Sialoadhesin deficiency does not influence the severity of lupus nephritis in New Zealand Black x New Zealand White F1 miceReport as inadecuate




Sialoadhesin deficiency does not influence the severity of lupus nephritis in New Zealand Black x New Zealand White F1 mice - Download this document for free, or read online. Document in PDF available to download.

Arthritis Research and Therapy

, 15:R175

First Online: 01 November 2013Received: 20 July 2013Accepted: 11 October 2013

Abstract

IntroductionSystemic lupus erythematosus SLE is a chronic inflammatory condition with multisystem involvement. One of the key features of the disease is the upregulation of type I interferons, resulting in the so-called -interferon signature-. Recent flow cytometric and transcriptomic studies identified Sialoadhesin Sn, CD169 as an important interferon-induced blood monocyte biomarker in diseased patients. To investigate a potential causative role of Sn in SLE, we generated NZBWF1 New Zealand Black x New Zealand White F1 mice lacking Sn and compared onset and progression of disease with NZBWF1 expressing normal levels of Sn.

MethodsSn expression in renal tissues of pre-diseased and diseased NZBWF1 mice was evaluated by Quantitative real time PCR QPCR and immunohistochemistry. Sn NZBWF1 mice were generated by speed congenics. Disease severity of Sn and Sn NZBWF1 mice was assessed by serum immunoassays, flow cytometry, light microscopy and immunohistochemistry.

ResultsRenal tissues from proteinuric NZBWF1 mice exhibited a significant upregulation of Sn mRNA and protein expression following disease onset. Further immunohistochemical analysis showed that Sn macrophages assumed a distinct periglomerular distribution and, unlike CD68 macrophages, were not present within the glomeruli. Analysis of disease severity in Sn and Sn NZBWF1 mice revealed no significant differences in the disease progression between the two groups although Sn-deficient mice showed a more rapid onset of proteinuria.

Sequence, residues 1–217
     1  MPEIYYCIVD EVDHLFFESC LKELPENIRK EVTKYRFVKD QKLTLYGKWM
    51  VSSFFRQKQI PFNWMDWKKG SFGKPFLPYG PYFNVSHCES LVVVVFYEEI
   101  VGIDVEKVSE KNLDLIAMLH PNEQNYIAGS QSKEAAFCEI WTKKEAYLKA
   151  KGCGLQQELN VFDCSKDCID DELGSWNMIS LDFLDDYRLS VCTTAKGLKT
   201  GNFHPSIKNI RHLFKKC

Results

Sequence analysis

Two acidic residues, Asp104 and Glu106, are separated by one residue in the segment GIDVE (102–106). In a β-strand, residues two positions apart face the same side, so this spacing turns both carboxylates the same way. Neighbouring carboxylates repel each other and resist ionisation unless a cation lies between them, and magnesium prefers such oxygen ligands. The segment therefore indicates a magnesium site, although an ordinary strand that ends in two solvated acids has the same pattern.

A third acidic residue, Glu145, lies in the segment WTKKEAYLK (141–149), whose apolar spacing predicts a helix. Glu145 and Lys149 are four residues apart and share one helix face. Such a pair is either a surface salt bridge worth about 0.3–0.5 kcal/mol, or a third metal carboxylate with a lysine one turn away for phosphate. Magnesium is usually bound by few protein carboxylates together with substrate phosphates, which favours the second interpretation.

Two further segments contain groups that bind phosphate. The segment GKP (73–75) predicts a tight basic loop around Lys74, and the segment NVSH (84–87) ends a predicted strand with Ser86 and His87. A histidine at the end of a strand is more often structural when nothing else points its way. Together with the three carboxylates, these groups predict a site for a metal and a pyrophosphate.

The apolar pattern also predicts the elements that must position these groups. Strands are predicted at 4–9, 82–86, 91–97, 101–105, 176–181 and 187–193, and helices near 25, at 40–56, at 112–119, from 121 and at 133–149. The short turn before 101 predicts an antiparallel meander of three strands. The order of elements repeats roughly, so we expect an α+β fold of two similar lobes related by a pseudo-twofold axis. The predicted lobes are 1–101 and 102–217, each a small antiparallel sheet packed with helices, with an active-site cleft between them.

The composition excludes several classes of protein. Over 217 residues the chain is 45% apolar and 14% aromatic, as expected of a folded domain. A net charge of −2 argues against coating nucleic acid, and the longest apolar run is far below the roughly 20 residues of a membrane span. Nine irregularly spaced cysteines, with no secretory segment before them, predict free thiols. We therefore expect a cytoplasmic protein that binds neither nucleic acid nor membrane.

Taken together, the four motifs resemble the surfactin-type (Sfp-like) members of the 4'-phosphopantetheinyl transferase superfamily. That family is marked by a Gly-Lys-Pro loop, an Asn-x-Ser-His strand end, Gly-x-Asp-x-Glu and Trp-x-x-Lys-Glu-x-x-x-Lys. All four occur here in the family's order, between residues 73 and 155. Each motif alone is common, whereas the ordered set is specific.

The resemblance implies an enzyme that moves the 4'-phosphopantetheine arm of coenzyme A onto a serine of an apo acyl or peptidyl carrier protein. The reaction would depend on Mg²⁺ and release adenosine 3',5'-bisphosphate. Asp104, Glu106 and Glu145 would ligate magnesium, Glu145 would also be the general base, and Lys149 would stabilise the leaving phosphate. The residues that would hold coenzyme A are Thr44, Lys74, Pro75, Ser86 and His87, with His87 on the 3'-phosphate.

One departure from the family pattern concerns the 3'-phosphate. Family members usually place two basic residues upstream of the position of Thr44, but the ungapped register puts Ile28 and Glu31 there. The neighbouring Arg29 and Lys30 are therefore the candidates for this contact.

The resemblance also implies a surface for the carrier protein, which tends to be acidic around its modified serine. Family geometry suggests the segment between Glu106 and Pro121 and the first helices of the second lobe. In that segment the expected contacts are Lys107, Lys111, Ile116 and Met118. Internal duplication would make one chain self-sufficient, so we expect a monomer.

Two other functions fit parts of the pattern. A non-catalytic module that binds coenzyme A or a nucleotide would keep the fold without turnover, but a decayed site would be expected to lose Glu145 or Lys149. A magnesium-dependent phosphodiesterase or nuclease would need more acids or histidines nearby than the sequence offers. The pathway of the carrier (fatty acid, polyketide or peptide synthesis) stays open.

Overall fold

ConclusionsThese data confirm a positive correlation of Sn with disease activity. However, Sn deficiency does not have a significant effect on the severity and progression of lupus nephritis in the NZBWF1 mouse model.

AbbreviationsBSABovine serum albumin

EAEExperimental autoimmune encephalomyelitis

EDTAEthylenediaminetetraacetic acid

ELISAEnzyme-linked immunosorbent assay

FACSFluorescence-activated cell sorting

gcsGlomerular cross-section

HandEHaematoxylin and eosin

HRPHorse radish peroxidase

IFNInterferon

IgImmunoglobulin

NZBNew Zealand black

NZBWF1New Zealand black x New Zealand white F1

NZWNew Zealand white

PBSPhosphate-buffered saline

PBSTPhosphate-buffered saline plus 0.05% Tween

qRT-PCRQuantitative reverse transcriptase-polymerase chain reaction

SLESystemic lupus erythematosus

SnSialoadhesin

SnLSn ligands

TeffsCD4 + Foxp3-effector T cells

TNFTumour necrosis factor

TregsCD4 + Foxp3+ regulatory T cells

WTWild-type.

Electronic supplementary materialThe online version of this article doi:10.1186-ar4364 contains supplementary material, which is available to authorized users.

Dana Kidder, Hannah E Richards contributed equally to this work.

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Author: Dana Kidder - Hannah E Richards - Paul A Lyons - Paul R Crocker

Source: https://link.springer.com/







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